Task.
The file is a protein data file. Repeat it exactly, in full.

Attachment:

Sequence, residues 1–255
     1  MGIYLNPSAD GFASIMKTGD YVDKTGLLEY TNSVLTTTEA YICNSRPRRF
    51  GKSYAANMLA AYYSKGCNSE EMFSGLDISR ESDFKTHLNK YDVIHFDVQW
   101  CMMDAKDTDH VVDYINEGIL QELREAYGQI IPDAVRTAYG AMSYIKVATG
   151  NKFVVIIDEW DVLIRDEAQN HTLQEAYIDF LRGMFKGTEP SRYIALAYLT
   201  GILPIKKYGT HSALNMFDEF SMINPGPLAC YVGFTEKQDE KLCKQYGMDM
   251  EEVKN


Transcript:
Sequence, residues 1–255
     1  MGIYLNPSAD GFASIMKTGD YVDKTGLLEY TNSVLTTTEA YICNSRPRRF
    51  GKSYAANMLA AYYSKGCNSE EMFSGLDISR ESDFKTHLNK YDVIHFDVQW
   101  CMMDAKDTDH VVDYINEGIL QELREAYGQI IPDAVRTAYG AMSYIKVATG
   151  NKFVVIIDEW DVLIRDEAQN HTLQEAYIDF LRGMFKGTEP SRYIALAYLT
   201  GILPIKKYGT HSALNMFDEF SMINPGPLAC YVGFTEKQDE KLCKQYGMDM
   251  EEVKN